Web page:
LETTERS: Padma Shri for Koirala

As an Indian, I feel humbled that we can honour Anuradha Koirala with Padma Shri award for her noble and highly risky job of fighting against trafficking of women and children in Nepal “Award for Koirala” (THT, January 26, Page 2). But actually she resides infinite times higher than any award the global society can envisage for her.

We should always remember that God has not sent us to this planet as Indian or Nepali, Bengali or Tibetan, Hindu or Muslim, Brahmin or Dalit. In the eye of the Almighty, we are all children of his/her. Humanity is supreme and the last word of the globe. And our innocent flower-like children resemble the icing on the cake of humanity. When it remains the greatest responsibility of the State and all members of society to love and protect the children and ensure a platform for them to grow, prosper and realise the Himalayan potential embedded within their fertile souls; the shameless cruelty within us often leave them at their own mercy. Brute exploitation, ruthless trafficking and barbaric child labour are simply ruining the future of this world.

We all are aware about this hard reality. Still we either encourage child labour directly or indirectly or simply overlook them as if they do not even exist! And also we are engaged in promoting our career and immersed in rampant consumerism. And in this indifferent scenario, miracles happen and none other than God descends upon this beleaguered planet in the guise of Kailash Satyarthi or Anuradha Koirala with pots of balm in their hands to apply it on the bleeding hearts of the grieving children and also to teach the selfish lot within us the true essence and purpose of life and humanity.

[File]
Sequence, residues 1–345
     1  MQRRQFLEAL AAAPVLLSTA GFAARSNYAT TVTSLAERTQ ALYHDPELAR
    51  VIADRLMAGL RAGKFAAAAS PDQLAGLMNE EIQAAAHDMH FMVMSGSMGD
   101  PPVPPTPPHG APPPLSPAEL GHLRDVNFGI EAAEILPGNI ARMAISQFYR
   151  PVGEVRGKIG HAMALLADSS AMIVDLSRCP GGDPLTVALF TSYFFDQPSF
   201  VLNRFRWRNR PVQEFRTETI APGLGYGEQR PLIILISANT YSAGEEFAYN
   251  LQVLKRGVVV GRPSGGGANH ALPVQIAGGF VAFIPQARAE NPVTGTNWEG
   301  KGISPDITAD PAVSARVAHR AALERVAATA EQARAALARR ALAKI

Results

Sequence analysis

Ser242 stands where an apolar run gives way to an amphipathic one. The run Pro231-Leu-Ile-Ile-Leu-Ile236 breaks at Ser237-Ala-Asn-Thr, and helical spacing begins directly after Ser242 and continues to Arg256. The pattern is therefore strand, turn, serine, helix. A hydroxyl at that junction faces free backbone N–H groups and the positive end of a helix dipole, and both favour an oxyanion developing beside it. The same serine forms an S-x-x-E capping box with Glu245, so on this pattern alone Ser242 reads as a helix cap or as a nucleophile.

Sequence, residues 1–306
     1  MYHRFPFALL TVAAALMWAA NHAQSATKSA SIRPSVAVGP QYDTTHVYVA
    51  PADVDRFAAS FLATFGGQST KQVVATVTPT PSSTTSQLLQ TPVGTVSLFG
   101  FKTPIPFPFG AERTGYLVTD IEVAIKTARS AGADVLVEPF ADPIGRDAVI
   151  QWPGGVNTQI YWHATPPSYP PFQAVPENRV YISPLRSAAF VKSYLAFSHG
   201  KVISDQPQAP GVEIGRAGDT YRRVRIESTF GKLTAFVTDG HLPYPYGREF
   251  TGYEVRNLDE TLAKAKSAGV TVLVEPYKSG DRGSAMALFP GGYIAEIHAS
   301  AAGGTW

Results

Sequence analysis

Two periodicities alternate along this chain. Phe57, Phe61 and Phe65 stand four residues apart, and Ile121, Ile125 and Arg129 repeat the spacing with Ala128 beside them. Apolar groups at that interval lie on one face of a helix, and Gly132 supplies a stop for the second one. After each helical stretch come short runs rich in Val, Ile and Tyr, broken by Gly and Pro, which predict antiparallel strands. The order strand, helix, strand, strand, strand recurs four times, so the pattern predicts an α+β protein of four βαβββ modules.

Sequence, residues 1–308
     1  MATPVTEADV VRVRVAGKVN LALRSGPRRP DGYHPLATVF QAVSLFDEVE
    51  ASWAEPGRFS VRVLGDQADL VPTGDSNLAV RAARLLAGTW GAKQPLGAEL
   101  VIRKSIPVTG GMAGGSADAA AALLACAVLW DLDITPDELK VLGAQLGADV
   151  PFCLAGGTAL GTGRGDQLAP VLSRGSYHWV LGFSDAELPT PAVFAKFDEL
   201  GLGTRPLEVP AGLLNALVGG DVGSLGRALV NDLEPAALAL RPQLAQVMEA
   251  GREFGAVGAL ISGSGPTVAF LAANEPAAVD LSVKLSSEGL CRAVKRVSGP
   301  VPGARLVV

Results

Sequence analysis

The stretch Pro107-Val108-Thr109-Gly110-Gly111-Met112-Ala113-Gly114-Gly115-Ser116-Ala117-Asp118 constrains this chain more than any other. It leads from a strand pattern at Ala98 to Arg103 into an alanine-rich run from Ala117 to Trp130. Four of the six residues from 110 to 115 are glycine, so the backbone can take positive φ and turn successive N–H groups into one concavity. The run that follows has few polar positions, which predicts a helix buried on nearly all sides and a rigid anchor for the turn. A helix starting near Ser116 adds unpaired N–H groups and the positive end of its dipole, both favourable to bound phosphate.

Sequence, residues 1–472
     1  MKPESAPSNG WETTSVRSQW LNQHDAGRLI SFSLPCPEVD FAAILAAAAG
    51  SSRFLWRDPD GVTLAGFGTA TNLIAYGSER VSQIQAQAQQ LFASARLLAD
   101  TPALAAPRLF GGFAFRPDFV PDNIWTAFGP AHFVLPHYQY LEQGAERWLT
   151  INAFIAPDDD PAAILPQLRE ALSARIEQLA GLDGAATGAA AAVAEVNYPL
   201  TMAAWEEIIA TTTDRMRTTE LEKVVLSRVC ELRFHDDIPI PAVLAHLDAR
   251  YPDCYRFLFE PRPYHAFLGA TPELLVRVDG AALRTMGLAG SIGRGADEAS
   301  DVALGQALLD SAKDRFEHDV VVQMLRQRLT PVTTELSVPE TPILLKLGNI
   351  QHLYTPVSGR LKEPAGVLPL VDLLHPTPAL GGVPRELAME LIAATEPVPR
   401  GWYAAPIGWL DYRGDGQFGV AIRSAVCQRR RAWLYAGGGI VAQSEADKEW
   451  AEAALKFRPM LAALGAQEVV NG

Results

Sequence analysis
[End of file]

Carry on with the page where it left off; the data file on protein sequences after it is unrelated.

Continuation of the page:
Kajal Chatterjee, Kolkata


It is a frantic crowd on the either side of the road; the number expands rapidly each moment to a breaking point i.e. restlessness and quite a huge amount of frustration among silently waiting people.

However, even after a heavily wide eyed traffic police in the middle signals to passing by vehicles to stop, people do not relax. Instead one can witness close to a hysterical or altogether tensed scenario where agitated pedestrians are seen crossing the road almost in one run as the whistle blows.

Nevertheless, the whistle blows and sadly many more again have to wait for another war like confrontation. Unfortunately, it continues throughout the day, every day all over the city. Had there been overhead bridges, half of the traffic problems would have cleared up. Moreover, the burden of traffic police would have lessened with the responsibility of pedestrians. Thereby most important of all lives would not be at risk. However, such a major problem has been neglected as many others. As a result, the daily lives of the commuters have stuck somewhere between a run and a whistle.

Shiksha Karki, Kathmandu